Encyclopedia > NTFS

  Article Content


NTFS is the standard file system of Microsoft Windows NT and its descendants Windows 2000 and Windows XP. The main difference between NTFS and the older FAT lie in NTFS's support for metadata and the use of advanced data structures in order to improve performance, reliability and disk space utilization.

NTFS has three versions: v1.2 found in NT 3.51 and NT 4, v3.0 found in Windows 2000 and v3.1 found in Windows XP. These versions are sometimes referred to as v4.0, v5.0 and v5.1. Newer versions added extra features: Windows 2000 introduced quotas. Windows version 95, 98, 98SE and ME cannot read NTFS filesystems, although there are utilities for this purpose.

In NTFS everything that has anything to do with a file (file name, creation date, access permissions and even contents) is written down as metadata. This elegant, albeit abstract approach allowed easy addition of filesystem features during the course of Windows NT's development - an interesting example is the addition of fields for indexing used by the Active Directory software.

Internally, NTFS uses binary trees in order to store the file system data; although complex to implement, this allows fast access times and decreases fragmentation. A file system journal is used in order to guarantee the integrity of the file system itself (but not of each individual file). Systems using NTFS are known to have tolerable reliability, a particularly important requirement considering the unstable nature of the older versions of Windows NT.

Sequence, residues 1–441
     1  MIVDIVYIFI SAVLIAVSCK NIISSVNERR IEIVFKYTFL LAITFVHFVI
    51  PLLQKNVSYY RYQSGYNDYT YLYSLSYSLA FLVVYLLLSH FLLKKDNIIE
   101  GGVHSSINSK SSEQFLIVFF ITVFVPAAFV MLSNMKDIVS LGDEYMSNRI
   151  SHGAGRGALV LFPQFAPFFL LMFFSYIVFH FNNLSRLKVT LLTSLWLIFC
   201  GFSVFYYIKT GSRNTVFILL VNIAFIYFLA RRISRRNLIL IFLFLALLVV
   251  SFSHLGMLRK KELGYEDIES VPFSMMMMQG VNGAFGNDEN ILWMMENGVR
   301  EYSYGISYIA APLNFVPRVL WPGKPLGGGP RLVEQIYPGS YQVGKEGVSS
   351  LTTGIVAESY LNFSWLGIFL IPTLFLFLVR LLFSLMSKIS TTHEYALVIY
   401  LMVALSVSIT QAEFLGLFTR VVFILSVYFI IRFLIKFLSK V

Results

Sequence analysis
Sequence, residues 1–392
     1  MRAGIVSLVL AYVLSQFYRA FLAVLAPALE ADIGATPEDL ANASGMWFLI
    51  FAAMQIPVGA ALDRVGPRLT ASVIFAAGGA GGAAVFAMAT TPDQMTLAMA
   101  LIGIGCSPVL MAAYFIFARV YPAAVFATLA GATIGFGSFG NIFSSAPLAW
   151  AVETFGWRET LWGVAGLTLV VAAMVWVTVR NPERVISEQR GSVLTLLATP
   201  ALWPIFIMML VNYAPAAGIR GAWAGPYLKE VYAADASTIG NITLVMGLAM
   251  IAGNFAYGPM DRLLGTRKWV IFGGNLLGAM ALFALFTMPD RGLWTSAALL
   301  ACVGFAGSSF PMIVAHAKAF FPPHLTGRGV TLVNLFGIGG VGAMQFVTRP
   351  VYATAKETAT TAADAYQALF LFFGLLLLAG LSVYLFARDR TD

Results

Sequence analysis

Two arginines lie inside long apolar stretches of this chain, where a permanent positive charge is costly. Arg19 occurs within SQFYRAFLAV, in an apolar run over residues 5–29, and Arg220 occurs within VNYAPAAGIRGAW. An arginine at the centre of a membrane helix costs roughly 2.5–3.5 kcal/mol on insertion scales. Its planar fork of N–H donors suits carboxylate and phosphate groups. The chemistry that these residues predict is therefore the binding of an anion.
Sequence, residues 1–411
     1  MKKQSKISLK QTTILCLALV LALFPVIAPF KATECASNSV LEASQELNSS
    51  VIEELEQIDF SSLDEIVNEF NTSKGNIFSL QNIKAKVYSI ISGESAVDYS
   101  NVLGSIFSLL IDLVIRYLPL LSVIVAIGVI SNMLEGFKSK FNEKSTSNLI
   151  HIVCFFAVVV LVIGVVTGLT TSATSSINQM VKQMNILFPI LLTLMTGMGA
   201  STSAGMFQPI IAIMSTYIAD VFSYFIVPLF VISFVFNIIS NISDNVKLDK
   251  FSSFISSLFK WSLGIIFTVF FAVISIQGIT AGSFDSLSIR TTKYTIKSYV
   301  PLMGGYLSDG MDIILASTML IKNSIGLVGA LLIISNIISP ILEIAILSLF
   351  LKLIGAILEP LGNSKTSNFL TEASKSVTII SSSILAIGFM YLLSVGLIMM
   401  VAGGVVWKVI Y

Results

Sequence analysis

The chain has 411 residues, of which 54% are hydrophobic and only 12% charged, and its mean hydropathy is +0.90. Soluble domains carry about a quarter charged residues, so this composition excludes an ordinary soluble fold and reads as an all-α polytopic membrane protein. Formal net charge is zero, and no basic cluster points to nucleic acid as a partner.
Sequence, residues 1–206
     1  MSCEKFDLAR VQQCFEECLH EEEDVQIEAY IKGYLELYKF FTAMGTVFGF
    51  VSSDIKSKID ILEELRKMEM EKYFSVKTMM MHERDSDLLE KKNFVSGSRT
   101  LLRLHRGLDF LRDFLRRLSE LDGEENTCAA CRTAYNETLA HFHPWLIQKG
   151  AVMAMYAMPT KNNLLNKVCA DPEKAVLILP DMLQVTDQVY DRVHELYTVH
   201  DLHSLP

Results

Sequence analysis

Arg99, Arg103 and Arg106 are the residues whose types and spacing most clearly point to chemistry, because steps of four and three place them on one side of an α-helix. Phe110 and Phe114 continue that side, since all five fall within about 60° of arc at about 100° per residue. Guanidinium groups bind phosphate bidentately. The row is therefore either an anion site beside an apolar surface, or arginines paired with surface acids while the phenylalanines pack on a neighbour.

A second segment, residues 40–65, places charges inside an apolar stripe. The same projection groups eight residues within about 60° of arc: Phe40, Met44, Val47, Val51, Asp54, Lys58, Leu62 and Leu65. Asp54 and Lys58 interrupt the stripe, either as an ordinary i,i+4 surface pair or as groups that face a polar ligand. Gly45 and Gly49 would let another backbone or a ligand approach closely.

Currently, the Linux kernel includes a module which makes it possible to read NTFS partitions; however the general complexity of the filesystem, Microsoft's poor developer documentation and attempts to scare off developers (claiming unsubstantiated copyright infringement) have prevented the developers from adding reliable support for writing to NTFS partitions as well as reading them.

All Wikipedia text is available under the terms of the GNU Free Documentation License

  Search Encyclopedia

Search over one million articles, find something about almost anything!
  Featured Article

... success of their treatment. Quacks do not have these ethical constraints. Side effects from real treatment. Anti-cancer drugs and radical surgery can have very ...

This page was created in 37.3 ms